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Hypertension is a common medical disorder that affects 29.1% of adults in the United States and complicates as many as 10% of all pregnancies. Hypertensive disorders of pregnancy rank among the leading causes of maternal morbidity and mortality. There are approximately 50,000–60,000 preeclampsia deaths per year worldwide, and preeclampsia accounted for 9.4% of maternal deaths in the United States between 2006 and 2010. Severe hypertension increases the mother’s risk of heart attack, cardiac failure, cerebral vascular accidents, and renal failure. The fetus and neonate also are at increased risk from complications such as poor placental insufficiency, fetal growth restriction, preterm birth, placental abruption, stillbirth, and neonatal death.

Hypertension is defined as a sustained systolic blood pressure ≥ 140 mm Hg or a sustained diastolic blood pressure ≥ 90 mm Hg or both. In the nonpregnant patient, essential hypertension accounts for > 90% of cases; however, many other conditions must be considered. In the pregnant patient, hypertension may be attributable to any of the conditions summarized in Table 26–1. In addition, unique forms of hypertension, gestational hypertension and preeclampsia, occur only during pregnancy. Gestational hypertension is characterized by elevated blood pressure diagnosed for the first time during pregnancy at or beyond 20 weeks of gestation in patients without evidence of proteinuria. Preeclampsia is characterized by the onset of hypertension and proteinuria or other sequelae, usually during the third trimester of pregnancy, but it can occur at or beyond 20 weeks of gestation. Although the rapid onset of edema was once considered a diagnostic criterion, it has been shown that 10–15% of women with rapid edema remain normotensive. Therefore, edema is no longer recommended as a diagnostic criterion for preeclampsia. Management of preeclampsia differs from the management of other forms of hypertension during pregnancy. Therefore, it is important to distinguish preeclampsia from other forms of hypertension that may complicate pregnancy.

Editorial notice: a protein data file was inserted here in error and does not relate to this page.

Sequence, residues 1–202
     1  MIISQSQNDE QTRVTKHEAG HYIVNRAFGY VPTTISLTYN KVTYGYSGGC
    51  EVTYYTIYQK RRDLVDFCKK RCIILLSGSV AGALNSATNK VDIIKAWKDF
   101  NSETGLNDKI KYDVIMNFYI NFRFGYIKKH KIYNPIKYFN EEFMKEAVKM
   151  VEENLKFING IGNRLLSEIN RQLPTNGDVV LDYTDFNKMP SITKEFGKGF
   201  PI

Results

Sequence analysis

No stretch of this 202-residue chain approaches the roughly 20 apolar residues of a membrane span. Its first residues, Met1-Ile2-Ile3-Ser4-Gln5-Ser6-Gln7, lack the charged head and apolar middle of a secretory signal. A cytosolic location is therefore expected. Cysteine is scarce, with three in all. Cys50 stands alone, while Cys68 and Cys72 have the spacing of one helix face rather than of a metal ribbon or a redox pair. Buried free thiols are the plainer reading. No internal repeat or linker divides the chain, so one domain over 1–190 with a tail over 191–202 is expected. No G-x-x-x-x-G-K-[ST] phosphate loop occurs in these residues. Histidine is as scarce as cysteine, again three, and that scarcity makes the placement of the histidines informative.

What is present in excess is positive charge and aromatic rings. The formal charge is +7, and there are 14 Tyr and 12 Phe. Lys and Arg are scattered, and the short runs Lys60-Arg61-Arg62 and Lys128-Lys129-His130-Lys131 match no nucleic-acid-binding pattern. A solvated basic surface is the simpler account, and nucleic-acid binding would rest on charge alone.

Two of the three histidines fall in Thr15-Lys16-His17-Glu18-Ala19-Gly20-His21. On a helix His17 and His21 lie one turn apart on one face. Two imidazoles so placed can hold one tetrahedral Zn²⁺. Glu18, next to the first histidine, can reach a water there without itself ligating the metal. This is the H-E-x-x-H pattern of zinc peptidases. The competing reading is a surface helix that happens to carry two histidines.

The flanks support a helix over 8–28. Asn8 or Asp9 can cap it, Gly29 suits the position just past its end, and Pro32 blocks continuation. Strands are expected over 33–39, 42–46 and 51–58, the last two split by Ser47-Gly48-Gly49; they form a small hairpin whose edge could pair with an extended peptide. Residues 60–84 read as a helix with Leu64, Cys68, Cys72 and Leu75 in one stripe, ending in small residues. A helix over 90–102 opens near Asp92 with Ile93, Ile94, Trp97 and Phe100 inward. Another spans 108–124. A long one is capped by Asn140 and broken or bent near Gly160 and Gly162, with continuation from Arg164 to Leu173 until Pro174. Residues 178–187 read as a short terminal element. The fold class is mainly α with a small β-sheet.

Table 26–1.Causes of chronic hypertension.

Classification of hypertension during pregnancy can be viewed as a continuum. On one end of the spectrum is the patient with hypertension that was present before pregnancy (or was recognized during the first half of pregnancy), does not worsen appreciably during pregnancy, and persists after delivery. This condition would be classified as chronic hypertension. On the other end of the spectrum is the patient with no evidence of chronic hypertension who experiences the abrupt onset of hypertension and proteinuria late in pregnancy followed by complete resolution postpartum. In this case, the hypertension observed during pregnancy may be the result of factors related entirely to pregnancy and ...

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